Using Microsoft OData for data distribution

The goal is to facilitate the use of PowerPivot and PivotViewer (initially at least)for data navigation and discovery.

The Virtuoso server software in use by data.oceandrilling.org supports exposing the RDF graphs using PivotViewer and CXML. (Example of future efforts: Example Pivot Viewer).

Exposing all the data from the hosted linked data graphs via OData is of course also a goal.


Bridging data from USIO's into OData via Java

This is a simple test using the data from odata4j (Ref: http://code.google.com/p/odata4j/). The test involved taking data from a SPARQL search on the sparql end point (http://data.oceandrilling.org/sparql) and taking the resulting CSV formatted return and casting it to OData format.

The basic flow of events was as follows:

  • Data generatedin CSV format via SPARQL call below. This is also the data associated with URI: http://data.oceandrilling.org/januslod/parameter/pws_section_count/304/1309
    SELECT DISTINCT ?s ?p ?o
    FROM <http://data.oceandrilling.org/januslod#>
    WHERE {
       ?s skos:related <http://oceandrilling.org/core/1/janus/pws_section_count>  .
       ?s skos:broader <http://data.oceandrilling.org/januslod/parameter/pws_section_count/304/1309> .
       ?s ?p ?o .
  • By means of the Java code referenced below the CSV data (see input and output files below) was convered to OData
  • Resulting OData file (see input and output files below)loaded into Tableau (via HTTP) and immediately the data is actionable

The full version of Tableau is commercial but this example was done using the free version. Note that Tableau could have been replaced by Excel or even Excel + PowerPivot, Sesame or any client that consumes OData (ATOMish) data.

All of this was done by operations on models. The java code above is simply an ETL of CSV to OData. Ironically the data originally came from an RDF triple store. Arguably a richer model than OData (until OData gets its vocabulary support in). Indeed this example of a semantic ETL process of sorts is not to elevate one model above another.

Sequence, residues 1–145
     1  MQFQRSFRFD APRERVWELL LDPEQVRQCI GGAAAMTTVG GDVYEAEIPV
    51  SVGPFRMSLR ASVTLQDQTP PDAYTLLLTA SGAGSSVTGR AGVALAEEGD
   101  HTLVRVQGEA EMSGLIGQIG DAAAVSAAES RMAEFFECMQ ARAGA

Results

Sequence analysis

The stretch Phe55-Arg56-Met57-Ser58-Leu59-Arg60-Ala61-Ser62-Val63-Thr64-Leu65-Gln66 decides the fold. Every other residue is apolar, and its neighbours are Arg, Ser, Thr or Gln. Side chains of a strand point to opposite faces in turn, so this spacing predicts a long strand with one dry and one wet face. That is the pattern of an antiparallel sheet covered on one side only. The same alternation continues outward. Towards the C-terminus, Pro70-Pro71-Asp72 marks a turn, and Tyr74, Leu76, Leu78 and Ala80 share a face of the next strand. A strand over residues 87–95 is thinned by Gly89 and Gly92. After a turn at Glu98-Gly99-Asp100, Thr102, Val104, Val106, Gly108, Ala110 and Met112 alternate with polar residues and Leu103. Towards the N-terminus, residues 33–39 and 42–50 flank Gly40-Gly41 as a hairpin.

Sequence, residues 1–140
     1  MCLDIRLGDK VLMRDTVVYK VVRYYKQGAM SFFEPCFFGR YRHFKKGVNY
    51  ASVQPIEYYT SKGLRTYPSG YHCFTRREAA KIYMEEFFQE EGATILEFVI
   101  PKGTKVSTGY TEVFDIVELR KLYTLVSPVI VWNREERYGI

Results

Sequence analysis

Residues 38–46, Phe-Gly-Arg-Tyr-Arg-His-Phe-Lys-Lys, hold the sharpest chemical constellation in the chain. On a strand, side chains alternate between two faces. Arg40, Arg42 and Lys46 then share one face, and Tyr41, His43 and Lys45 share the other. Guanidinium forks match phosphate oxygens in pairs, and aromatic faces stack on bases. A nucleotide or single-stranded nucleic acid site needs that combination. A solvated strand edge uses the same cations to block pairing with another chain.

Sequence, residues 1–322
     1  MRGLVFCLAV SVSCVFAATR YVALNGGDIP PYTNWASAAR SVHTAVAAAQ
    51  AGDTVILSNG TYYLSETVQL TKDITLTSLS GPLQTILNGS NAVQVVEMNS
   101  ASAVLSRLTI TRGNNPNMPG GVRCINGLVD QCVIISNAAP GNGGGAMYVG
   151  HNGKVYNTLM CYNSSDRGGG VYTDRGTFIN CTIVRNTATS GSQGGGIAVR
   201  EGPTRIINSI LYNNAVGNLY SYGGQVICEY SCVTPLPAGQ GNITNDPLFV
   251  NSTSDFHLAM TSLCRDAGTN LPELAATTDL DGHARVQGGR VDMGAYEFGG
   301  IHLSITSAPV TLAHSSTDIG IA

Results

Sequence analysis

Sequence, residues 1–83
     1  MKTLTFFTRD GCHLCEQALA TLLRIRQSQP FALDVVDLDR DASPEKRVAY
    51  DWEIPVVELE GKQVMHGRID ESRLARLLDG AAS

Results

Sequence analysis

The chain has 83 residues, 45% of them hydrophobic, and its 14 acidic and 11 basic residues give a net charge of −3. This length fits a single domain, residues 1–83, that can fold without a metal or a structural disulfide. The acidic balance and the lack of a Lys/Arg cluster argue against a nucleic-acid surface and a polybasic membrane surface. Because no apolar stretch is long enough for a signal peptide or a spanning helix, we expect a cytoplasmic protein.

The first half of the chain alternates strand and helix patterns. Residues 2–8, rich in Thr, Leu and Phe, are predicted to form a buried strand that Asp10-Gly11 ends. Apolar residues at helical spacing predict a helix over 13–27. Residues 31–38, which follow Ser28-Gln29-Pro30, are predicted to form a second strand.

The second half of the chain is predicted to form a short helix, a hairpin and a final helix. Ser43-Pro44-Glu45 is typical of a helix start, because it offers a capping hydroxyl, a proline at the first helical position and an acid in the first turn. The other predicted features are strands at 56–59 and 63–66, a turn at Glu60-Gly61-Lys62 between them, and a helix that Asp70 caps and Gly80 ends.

Rather this example demonstrates an approach that uses model operations rather than specific service API's to deliver data to clients that can be used to investigate and explore large amount of data. Tools that prefer RDF can talk directly to the RDF store, tools that want CSV or OData should also work in the architecture.

The Janus LOD web application (Ref: http://data.oceandrilling.org/januslod/) has been modified to return OData from the content negotiation request for ATOM. Also, appending the .atom suffix to the end of the URL also will return the OData format.

So a URL like: http://data.oceandrilling.org/januslod/parameter/thermcon_count/311/1329 can have the .atom appended to it (http://data.oceandrilling.org/januslod/parameter/thermcon_count/311/1329.atom). Such a URL return OData (atom/xml) and can be fed directly into an OData consumer like Tableau (reference middle image).

The screen cast at the bottom of this page shows the sequence of navigating to a page of information in the Janus webapp and then loading the OData version of the feed into Tableau for plotting and exploring.

Other clients like Sesame, or Excel could also be used to consume directly such OData formats.

These examples never bothered to map URI's to more human readable labels which any production effort would do. So the screen capture of the Tableau interface shows some rather long and unfriendly URI's would gain nice human labels in a "real" version.

Source code modified from in memory producer example

Input and output files

Other refs: